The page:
Criminal Offences

Fraud

Charges in relation to fraud are perceived as very serious crimes in NSW. There are numerous actions that may be considered fraudulent, all of which have varying degrees of maximum penalties. A recent law reform has simplified and generalised fraud related offences, which can be found under section 192E of the Crimes Act. However, other more specific fraud related offences have are found in various sections of the Crimes Act 1900 (NSW). As a result, Fraud consist of the following offences:

  • Section 192E – Fraud:
  1. Any person who, by any deception, dishonestly:
    1. Obtains property belonging to another,
    2. Obtains any financial advantage or causes any financial disadvantage,

    is guilty of the offence of fraud.

  1. Any person’s obtaining of property belonging to another may be dishonest even if the person is willing to pay for the property.
  2. Any person may be convicted of the offence of fraud involve all or any part of a general deficiency in money or other property even through the deficiency is made up of any number of particular sums of money or items of other property that were obtained over a period of time.
  3. A conviction for the offence of fraud is an alternative verdict to a charge for the offence of larceny, or any offence that includes larceny, and a conviction for the offence of larceny, or any offence that includes larceny, is an alternative verdict to a charge for the offence of fraud.
  • Section 192F – Intention to defraud by destroying or concealing accounting records
  1. A person who dishonestly destroys or conceals any accounting record with the intention of:
    1. Obtaining property belonging to another, or
    2. Obtaining a financial advantage or causing a financial disadvantage,

    is guilty of an offence.

  1. In this section, “destroy” includes obliterate.
  • Section 192G – Intention to defraud by false or misleading statement

A person who dishonestly makes or publishes, or concurs in the making or publishing, any statement (whether or not in writing) that is false or misleading in a material particular with the intention of:

  1. Obtaining property belonging to another, or
  2. Obtaining a financial advantage or causing a financial disadvantage,

is guilty of an offence.

  • Section 192H – Intention to deceive members or creditors by false or misleading statement of office or organisation
  1. An officer of an organisation who, with the intention of deceiving members or creditors of the organisation about its affairs, dishonestly makes or publishes, or concurs in the making or publishing, a statement (whether or not in writing) that to his or her knowledge is or may be false or misleading in a material particular is guilty of an offence.
  2. In this section:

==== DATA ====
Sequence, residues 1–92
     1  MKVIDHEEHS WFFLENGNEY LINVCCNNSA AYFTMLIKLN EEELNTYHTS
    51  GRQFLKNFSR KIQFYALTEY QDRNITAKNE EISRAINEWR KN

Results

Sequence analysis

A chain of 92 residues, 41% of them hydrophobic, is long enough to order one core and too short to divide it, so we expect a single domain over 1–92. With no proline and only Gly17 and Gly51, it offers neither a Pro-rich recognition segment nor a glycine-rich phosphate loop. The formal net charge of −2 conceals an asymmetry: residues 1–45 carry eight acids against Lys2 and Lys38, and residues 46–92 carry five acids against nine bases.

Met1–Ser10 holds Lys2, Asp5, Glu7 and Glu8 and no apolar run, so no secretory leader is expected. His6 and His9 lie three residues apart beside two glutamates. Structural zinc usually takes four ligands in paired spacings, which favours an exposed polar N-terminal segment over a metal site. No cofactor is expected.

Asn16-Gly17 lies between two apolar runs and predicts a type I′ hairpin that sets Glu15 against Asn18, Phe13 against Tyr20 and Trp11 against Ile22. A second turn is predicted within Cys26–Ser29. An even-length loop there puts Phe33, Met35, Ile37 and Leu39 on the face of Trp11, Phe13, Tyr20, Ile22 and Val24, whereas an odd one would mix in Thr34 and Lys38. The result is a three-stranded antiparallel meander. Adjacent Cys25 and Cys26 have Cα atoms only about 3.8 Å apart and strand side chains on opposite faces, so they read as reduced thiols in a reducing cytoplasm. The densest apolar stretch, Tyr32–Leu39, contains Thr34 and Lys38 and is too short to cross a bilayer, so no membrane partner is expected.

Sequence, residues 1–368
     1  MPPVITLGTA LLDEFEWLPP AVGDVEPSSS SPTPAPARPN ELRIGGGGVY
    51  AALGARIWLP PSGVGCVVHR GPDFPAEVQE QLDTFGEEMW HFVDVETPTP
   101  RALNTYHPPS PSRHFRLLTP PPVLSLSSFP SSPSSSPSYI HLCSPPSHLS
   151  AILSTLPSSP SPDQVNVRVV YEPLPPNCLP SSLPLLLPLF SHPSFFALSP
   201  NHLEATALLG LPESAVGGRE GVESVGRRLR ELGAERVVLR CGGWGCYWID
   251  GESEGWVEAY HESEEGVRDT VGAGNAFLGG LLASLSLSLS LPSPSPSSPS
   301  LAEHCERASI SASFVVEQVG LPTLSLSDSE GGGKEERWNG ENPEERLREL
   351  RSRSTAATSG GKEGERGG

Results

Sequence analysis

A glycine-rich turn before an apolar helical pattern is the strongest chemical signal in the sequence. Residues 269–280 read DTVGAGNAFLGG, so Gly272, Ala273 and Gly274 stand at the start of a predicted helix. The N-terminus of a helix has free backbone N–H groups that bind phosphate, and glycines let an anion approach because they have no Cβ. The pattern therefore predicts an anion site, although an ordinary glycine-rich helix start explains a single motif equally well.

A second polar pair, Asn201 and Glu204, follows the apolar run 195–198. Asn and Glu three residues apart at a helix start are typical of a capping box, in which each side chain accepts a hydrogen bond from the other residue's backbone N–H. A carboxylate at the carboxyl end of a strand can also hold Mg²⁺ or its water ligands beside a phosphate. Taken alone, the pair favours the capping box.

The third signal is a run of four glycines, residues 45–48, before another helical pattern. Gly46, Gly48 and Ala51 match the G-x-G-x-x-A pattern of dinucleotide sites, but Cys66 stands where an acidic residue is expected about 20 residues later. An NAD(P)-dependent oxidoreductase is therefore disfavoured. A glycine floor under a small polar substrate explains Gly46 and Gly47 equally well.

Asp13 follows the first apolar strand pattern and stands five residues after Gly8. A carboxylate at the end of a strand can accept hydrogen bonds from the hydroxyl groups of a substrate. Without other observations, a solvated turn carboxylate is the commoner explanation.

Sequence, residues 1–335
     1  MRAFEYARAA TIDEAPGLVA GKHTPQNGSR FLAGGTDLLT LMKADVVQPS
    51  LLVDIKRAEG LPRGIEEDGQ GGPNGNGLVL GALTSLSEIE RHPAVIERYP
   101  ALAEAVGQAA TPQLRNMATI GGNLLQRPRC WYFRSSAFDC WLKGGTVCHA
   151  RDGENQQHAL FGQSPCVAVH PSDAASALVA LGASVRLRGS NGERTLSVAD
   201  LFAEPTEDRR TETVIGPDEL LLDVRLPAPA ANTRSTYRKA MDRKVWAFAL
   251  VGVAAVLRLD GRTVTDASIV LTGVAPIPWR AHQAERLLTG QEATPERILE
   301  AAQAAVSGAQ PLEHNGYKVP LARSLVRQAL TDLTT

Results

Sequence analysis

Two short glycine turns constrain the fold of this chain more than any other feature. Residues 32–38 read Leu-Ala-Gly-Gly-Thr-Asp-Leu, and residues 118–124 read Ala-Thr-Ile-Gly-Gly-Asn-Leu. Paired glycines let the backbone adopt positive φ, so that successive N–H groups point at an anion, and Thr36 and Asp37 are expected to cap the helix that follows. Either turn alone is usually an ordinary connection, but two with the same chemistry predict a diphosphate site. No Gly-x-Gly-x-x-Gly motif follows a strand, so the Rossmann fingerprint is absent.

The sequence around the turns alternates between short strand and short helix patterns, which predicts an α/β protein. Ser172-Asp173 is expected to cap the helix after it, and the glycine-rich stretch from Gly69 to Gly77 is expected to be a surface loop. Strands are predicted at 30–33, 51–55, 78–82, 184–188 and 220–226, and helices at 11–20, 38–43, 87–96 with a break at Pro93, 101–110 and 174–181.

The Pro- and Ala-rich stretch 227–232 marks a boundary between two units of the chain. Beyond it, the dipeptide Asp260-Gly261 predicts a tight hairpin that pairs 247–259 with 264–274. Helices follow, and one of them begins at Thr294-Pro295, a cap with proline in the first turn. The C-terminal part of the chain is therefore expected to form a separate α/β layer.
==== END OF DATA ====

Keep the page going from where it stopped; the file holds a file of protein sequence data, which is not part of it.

“creditor” of an organisation, includes a person who has entered into a security for the benefit of an organisation.
    “officer” of an organisation includes any member of the organisation who is concerned in its management and any person purporting to act as an officer of the organisation.
    “organisation” means any body corporate of unincorporated association.

Evidently, there are numerous activities that are considered fraud. Typically, fraud is characterised as any intentional deception with the purpose of gaining something or causing a disadvantage for another person. As a leading criminal defence law firm based in Sydney, our expert team of criminal lawyers possess a wealth of knowledge in fraud related crimes.

If your facing fraud charges in NSW, contact Benjamin Leonardo – The Defenders now for a FREE first consultation to discuss tailored advice pertinent to your matter.

PENALTIES

As there are many crimes that are considered to be fraud, there a variety of penalties that could be imposed. Generally speaking, fraud related offences incur a maximum penalty of imprisonment for 5-10 years. The maximum penalties for fraud charges in NSW are outline below as per the Crimes Act 1900.

  • 192E Fraud – Imprisonment for 10 years if convicted in the District Court, 2 years imprisonment if convicted in the Local Court
  • 192F Intention to defraud by destroying or concealing accounting records – Imprisonment for 5 years
  • 192G Intention to defraud by false or misleading statement – Imprisonment for 5 years
  • 192H Intention to deceive members or creditors by false or misleading statement of officer of organisation – Imprisonment for 7 years

Although the Crimes Act stipulates that the maximum sentence are lengthy gaol terms, Crime Statistics Australia revealed that in 2015-2016 only 24% of offenders received a full time custodial sentence. The Court has the ability to enforce alternative punishments where appropriate, with Crimes Statistics Australia revealing that 31% of individuals receive non-custodial orders and 45% of individuals receive a monetary order. This means that punishments such as community corrections orders, intensive corrections orders, conditional release orders and fines could be imposed, if the Court feels it is sufficient. The overall sentence enforced is heavily reliant on numerous factors including the circumstances surrounding the crime, past criminal history and the character of the defendant.